This article was published in Australian Dictionary of Biography, Volume 11, (MUP), 1988
Joseph Patrick Slattery (1866-1931), Catholic priest and physicist, was born on 21 May 1866 at Waterford, Ireland, child of John Slattery, and his wife Hanna, née Walsh. He was educated at the Christian Brothers' College, Waterford, and at St Vincent's College, Castleknock, Dublin (1877-86), where he was taught by Fr R. Bodkin, whose science laboratory contained an original Callan battery. He gained honours in experimental physics in the university examinations in 1886 and on 7 September entered the Vincentian seminary at Blackrock, Dublin.
While still a clerical student, Slattery joined the Vincentian staff, who arrived in Sydney on 29 November 1888 to take over direction of St Stanislaus' College, Bathurst, from 1 January. While continuing his ecclesiastical studies, he taught natural science. He acquired more scientific equipment, some of which he made himself, being an expert glass-blower and gifted with deft fingers. Until 1897 he had an able collaborator in C. A. Mulholland, an outstanding chemistry teacher.
Ordained priest on 8 December 1891 in the college chapel, he became prefect of studies. The standard was high: after 1893 students from the college won gold medals in the senior and junior public examinations for physics and chemistry. Slattery continued to teach mainly physics, chemistry and geology until 1911.
In 1893 he introduced into the study-halls lighting by gas with incandescent burners, nearly twelve months before their availability on the Australian market. By 1895 the college possessed a gas engine, a six-inch (15 cm) sparking coil and two Crookes tubes. Later that year an oil engine, dynamo and storage batteries supplied electric light to the science halls—no other electric light was in use at Bathurst. He built an acetylene gas generator to provide stage lighting for college theatricals and took an early interest in colour photography.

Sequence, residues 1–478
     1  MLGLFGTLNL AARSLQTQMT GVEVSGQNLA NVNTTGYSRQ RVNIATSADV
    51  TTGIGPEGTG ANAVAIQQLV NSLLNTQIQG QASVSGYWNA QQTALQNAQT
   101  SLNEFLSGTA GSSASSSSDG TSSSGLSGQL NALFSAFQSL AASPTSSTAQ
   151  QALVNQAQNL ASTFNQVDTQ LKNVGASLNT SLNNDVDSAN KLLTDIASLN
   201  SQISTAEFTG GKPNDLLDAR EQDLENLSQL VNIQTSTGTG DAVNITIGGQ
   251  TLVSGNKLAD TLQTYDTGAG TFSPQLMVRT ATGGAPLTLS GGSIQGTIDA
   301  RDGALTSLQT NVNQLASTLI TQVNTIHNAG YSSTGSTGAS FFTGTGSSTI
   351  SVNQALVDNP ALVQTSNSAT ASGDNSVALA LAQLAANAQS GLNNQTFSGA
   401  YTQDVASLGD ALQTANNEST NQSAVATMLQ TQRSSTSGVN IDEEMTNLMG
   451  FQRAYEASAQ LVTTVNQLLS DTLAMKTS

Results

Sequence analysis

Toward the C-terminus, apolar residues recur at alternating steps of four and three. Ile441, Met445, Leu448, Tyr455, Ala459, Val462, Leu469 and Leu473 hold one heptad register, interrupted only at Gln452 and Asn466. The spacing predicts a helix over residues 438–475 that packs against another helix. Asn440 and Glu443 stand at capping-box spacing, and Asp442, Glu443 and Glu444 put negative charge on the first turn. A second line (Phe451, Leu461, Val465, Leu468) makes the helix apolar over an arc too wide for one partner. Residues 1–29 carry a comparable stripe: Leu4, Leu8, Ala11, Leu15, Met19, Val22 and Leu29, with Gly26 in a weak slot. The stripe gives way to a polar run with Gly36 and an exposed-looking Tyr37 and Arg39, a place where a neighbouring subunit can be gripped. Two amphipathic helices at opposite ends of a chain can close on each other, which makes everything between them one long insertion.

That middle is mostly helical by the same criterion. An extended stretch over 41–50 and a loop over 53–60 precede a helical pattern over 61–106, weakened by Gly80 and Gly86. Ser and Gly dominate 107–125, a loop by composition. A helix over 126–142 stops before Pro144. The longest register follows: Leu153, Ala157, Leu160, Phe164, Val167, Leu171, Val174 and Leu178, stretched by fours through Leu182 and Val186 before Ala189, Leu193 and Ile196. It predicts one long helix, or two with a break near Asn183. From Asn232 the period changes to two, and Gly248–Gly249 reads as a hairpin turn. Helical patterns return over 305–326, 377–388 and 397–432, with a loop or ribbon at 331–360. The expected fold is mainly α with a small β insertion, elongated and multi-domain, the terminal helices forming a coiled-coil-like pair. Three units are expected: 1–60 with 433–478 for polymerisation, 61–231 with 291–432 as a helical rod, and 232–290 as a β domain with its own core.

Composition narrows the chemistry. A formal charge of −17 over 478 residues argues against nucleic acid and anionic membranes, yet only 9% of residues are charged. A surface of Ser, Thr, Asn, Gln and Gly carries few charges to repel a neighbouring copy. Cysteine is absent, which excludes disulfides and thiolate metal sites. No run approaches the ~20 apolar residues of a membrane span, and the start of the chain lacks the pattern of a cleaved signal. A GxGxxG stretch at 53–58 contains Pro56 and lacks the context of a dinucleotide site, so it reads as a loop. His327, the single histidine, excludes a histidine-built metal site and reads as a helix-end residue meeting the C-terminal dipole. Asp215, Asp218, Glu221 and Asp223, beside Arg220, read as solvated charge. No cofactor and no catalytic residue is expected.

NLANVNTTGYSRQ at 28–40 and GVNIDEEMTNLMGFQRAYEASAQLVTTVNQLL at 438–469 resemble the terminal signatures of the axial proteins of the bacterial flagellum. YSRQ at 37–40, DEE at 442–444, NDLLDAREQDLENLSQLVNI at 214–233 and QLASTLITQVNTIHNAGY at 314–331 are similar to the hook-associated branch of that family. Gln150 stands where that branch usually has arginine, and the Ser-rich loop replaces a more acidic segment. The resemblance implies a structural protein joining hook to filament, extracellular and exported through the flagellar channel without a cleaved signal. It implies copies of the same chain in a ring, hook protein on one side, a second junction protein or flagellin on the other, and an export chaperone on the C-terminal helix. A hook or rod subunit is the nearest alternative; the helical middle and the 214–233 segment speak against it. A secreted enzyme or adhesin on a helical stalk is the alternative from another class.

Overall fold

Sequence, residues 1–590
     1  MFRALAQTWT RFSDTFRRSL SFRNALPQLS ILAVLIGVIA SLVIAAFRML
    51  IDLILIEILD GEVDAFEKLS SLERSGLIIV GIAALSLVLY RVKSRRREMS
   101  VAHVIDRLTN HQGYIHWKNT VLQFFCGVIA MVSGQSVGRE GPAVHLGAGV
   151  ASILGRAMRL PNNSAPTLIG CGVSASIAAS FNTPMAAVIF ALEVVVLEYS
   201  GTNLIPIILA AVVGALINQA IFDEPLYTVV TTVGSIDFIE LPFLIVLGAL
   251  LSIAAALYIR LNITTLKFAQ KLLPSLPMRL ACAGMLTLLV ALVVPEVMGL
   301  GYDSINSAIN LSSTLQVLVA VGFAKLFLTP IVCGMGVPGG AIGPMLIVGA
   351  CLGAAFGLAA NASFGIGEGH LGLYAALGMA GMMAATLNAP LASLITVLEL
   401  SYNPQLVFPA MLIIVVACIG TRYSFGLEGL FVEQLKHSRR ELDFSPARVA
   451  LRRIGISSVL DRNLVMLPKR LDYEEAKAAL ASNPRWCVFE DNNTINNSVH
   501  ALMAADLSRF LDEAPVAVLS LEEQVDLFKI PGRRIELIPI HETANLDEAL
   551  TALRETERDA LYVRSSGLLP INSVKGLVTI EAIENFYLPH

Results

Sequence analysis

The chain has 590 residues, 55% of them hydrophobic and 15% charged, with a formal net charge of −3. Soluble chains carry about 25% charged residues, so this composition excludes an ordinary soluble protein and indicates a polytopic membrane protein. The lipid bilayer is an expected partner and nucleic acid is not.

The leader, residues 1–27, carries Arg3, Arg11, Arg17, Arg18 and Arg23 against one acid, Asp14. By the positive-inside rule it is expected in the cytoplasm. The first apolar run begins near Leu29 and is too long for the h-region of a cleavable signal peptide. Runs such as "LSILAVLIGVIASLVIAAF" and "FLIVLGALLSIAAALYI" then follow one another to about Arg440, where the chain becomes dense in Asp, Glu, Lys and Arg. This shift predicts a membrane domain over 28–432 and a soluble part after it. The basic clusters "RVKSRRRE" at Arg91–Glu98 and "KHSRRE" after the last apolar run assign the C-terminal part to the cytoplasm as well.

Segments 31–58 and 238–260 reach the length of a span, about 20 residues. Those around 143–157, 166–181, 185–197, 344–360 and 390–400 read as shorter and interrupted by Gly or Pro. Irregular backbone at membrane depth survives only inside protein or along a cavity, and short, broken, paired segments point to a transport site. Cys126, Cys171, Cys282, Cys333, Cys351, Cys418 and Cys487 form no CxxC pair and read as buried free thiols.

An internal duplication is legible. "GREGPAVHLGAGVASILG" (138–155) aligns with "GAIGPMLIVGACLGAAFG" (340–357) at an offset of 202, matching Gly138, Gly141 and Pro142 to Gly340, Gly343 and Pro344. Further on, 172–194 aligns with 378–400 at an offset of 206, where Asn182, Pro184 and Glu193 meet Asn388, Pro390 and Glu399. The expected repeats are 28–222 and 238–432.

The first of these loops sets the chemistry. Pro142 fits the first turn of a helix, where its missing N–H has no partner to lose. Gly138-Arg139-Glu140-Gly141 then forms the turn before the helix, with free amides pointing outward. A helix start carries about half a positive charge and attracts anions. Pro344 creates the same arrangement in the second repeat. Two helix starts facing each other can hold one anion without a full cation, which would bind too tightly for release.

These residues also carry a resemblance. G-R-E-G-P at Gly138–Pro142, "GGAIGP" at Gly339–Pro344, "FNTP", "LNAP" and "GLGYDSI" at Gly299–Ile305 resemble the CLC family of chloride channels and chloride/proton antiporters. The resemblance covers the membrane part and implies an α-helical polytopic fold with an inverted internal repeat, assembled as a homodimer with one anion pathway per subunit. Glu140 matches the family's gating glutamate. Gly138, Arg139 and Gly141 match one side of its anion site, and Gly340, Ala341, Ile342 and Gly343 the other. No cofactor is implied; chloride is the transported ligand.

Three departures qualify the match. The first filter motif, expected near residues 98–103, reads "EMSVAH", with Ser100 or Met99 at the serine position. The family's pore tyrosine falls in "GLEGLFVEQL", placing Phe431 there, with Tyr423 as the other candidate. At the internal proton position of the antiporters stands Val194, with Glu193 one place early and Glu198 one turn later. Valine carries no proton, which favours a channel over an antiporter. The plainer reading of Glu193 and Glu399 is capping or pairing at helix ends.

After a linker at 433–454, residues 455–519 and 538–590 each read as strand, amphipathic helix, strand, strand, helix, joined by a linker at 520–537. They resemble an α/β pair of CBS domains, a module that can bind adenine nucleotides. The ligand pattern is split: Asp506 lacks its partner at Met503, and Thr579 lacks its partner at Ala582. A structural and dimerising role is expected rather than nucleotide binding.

After learning of Röntgen's discoveries of the rays associated with his name, reported in January 1896, Slattery directed his attention to radiography. Following reports on work done in Melbourne, Adelaide and Sydney, on 25 July he took a splendid radiograph of the hand of Eric Thompson, enabling the surgeon to extract shotgun pellets. Until 1911 doctors brought patients to Fr Slattery and his reputation grew. With a thirteen-inch (33 cm) coil, financed by local people, he could use shorter exposures. His radiographs were in demand for fractures as well as for objects embedded in the flesh. However the European-made focus tubes with long use produced harder rays as the vacua in the tubes increased. This caused annoyance and expense. Slattery devised a kind of regulator to improve the working of the tubes which he communicated to Röntgen, who replied appreciatively.
Sharing growing interest in wireless telegraphy, Slattery by 1900 was sending electrical signals within the college without wire. That year, on 10 September, he presented a paper, 'The development of electrical sciences', to the Australasian Catholic Congress in Sydney. He lectured at Bathurst Technical College on 'Electrical discharges through the air and rarefied gases'. By July 1903 the college took delivery of a plant from London for wireless telegraphy: messages were transmitted from the college and received at the cathedral tower on 9 February 1904 and next day at Kelso, three miles (5 km) distant. In 1910 his scholarly and fascinating paper, 'Wave motion in ether', was published in the college's Echoes. Slattery's transmitter was dismantled on the outbreak of war in 1914, but the receiver that he built is preserved in St Stanislaus' College.
He was of middle height but of strong muscular build, unhurried and deliberate in movement. Somewhat stern in appearance, he could relax unexpectedly, smile and laugh heartily. He spoke with precision and grace. Exact, punctual, constant and exacting, he refused to tolerate foolishness in class or vagueness in answering, nor could he resist a slight sarcasm. His students regarded him with awe and admiration.
Early in 1911 Slattery was transferred to pastoral charge of St Vincent's parish, Ashfield, Sydney. From 1912 he preached missions and retreats throughout New South Wales and Queensland. Between 1920 and 1927 he was spiritual director at the Springwood and Manly seminaries, and also, from 1923, rector of St Joseph's Novitiate at Eastwood. In September 1926, in declining health, he was appointed vice-rector at St John's College, University of Sydney. He died of heart disease on 31 March 1931 in Lewisham Hospital and was buried in Rookwood cemetery. He never lost his natural reserve and was less persuaded than anyone else of the value of the aid he had given to the development of medical and surgical science in Australia and to the technology connected with wireless telegraphy.
John P. Wilkinson, 'Slattery, Joseph Patrick (1866–1931)', Australian Dictionary of Biography, National Centre of Biography, Australian National University, http://adb.anu.edu.au/biography/slattery-joseph-patrick-8453/text14863, accessed 7 December 2013.
This article was first published in hardcopy in Australian Dictionary of Biography, Volume 11, (MUP), 1988